By Mary Ellen McIntire CQ-Roll Call
WWR Article Summary (tl;dr) COVID-19 became a major focus at today's Senate Judiciary Committee hearings on Amy Coney Barrett's nomination to the Supreme Court. Social distancing was a priority as the room was laid out differently from previous confirmation hearings and members of the public were not able to attend.
The Senate Judiciary Committee hosted not just Amy Coney Barrett on Monday, but a debate about Capitol Hill's strategy for testing and containing COVID-19.
It all came into focus as the panel's hearings on Barrett's nomination to the Supreme Court got under way, particularly with the sight of one panel member, Utah Republican Mike Lee, attending Monday's session in person less than two weeks after testing positive for the disease.
Democrats and at least one Republican panel member raised concerns about the lack of a testing regimen and the chance for someone to be infected with the virus that causes COVID-19, after Lee ended his isolation.
Sen. Thom Tillis, R-N.C., who also tested positive, and Sen. Ted Cruz, R-Texas, who is isolating because he was in contact with Lee, participated in the hearing remotely, but could attend in person later this week.
Judiciary Chairman Lindsey Graham, R-S.C, said during the hearing that the spacious room in the Hart Senate Office Building was outfitted to ensure 6 feet of separation between people and to take other precautions to limit the risk of transmitting the virus.
"I doubt if there's any room in the country that's been given more attention and detail to make sure it's CDC compliant," Graham said as he opened the hearing. "The Architect of the Capitol, working with the Attending Physician, has set up the room in a fashion that we can safely do our business."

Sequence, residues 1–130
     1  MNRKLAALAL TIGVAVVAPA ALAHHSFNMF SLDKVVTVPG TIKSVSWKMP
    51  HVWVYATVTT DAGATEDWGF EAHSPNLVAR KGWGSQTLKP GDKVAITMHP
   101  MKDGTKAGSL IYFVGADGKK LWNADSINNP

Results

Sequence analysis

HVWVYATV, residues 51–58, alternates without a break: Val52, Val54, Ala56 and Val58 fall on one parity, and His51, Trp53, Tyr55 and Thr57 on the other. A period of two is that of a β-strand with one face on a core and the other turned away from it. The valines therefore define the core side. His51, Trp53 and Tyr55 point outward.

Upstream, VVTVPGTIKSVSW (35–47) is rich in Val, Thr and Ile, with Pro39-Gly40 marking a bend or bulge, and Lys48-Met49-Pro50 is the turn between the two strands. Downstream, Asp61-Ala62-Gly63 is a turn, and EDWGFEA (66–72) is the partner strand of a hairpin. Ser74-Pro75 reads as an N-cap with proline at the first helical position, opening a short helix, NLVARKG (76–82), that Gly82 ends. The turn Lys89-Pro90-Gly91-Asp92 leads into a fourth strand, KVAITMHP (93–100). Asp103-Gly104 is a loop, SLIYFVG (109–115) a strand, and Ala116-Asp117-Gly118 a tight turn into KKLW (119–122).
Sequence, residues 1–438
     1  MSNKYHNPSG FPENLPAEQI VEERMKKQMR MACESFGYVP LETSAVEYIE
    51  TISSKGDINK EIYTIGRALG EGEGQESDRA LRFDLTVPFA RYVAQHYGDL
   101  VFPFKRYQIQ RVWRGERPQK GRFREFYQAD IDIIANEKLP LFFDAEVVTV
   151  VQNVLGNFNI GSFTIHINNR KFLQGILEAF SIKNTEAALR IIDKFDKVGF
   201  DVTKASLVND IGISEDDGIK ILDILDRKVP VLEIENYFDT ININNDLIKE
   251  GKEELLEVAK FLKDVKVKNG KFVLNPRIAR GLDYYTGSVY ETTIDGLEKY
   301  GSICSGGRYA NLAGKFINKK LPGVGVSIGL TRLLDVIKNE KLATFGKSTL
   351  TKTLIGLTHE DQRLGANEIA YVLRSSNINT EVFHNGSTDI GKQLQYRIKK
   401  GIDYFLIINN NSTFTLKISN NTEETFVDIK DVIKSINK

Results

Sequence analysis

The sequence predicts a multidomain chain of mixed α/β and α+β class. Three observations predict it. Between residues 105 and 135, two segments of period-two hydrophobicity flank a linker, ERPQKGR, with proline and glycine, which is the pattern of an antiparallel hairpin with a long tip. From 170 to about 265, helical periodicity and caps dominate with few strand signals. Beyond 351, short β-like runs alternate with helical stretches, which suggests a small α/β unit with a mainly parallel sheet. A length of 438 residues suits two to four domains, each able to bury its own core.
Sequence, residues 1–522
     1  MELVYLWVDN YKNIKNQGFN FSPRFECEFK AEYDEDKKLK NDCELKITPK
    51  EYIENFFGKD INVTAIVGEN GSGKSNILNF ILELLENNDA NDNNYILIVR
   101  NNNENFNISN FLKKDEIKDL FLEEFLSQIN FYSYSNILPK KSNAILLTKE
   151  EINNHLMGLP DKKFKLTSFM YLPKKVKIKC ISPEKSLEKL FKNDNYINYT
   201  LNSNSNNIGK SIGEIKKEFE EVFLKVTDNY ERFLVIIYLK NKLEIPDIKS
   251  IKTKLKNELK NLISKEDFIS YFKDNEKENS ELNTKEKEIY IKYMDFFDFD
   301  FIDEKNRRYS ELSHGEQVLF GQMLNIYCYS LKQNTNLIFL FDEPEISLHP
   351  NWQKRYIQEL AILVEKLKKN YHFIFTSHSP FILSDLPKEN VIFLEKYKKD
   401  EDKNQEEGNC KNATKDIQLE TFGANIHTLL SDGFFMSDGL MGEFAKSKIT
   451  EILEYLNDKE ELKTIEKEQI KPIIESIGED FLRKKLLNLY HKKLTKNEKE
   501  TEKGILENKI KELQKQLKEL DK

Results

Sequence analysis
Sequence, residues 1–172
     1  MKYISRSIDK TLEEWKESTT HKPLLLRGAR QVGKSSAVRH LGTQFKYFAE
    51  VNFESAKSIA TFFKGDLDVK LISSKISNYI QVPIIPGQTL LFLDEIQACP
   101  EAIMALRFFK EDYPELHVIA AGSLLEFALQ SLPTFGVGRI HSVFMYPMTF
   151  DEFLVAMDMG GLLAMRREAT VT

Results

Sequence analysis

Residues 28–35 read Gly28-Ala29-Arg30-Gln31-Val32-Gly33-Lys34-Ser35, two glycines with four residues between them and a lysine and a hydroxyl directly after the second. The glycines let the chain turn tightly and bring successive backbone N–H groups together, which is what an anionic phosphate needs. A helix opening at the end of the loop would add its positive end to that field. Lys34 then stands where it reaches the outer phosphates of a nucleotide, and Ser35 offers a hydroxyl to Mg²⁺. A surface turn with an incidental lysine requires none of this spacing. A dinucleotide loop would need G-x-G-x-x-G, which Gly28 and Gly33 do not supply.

Still, at least one of Graham's colleagues on the panel, Iowa Republican Joni Ernst, told reporters in Iowa over the weekend that it would be "smart" for everyone to get tested before the hearing, the Des Moines Register reported. Ernst is vice chairwoman of the Senate Republican Conference.
Although Graham insisted the room was safe, public health experts say it is difficult to eliminate the risk. Not only was the room laid out differently from previous confirmation hearings, but members of the public were not able to attend, meaning there were no interruptions from protesters, as occurred during the last Supreme Court nomination hearings for Justice Brett Kavanaugh and other high-profile hearings in recent years.
Lee, who announced his positive test on Oct. 3 after first experiencing symptoms on Sept. 30, appeared at the hearing Monday, after isolating for 10 days. He removed his face mask to make his opening remarks, which most senators and Barrett did while speaking. Lee's office said he had followed CDC guidelines for isolating after testing positive and said earlier Monday morning on Hugh Hewitt's radio show that he was no longer contagious.
"Based upon current CDC guidelines, you have met criteria to end COVID-19 isolation for those with mild to moderate disease," a letter from Brian Monahan, Congress' attending physician, said in a letter released by Lee's office. "Specifically, it has been greater than 10 days since symptom onset, you have had no fever in absence of fever reducing medication for at least 24 hours, and your other symptoms have improved. The CDC does not recommend repeat SARS-CoV-2 PCR testing if these criteria are met."
Amesh Adalja, a senior scholar at the Johns Hopkins University Center for Health Security and a practicing physician, said he typically discontinues self-isolation for patients who are no longer exhibiting symptoms and had a mild case of the disease after 10 days, in line with the steps Lee took. He added that he does not think a negative test is necessary for a patient to leave isolation, since oftentimes a patient will continue to shed so-called viral debris after recovering, although they are not contagious.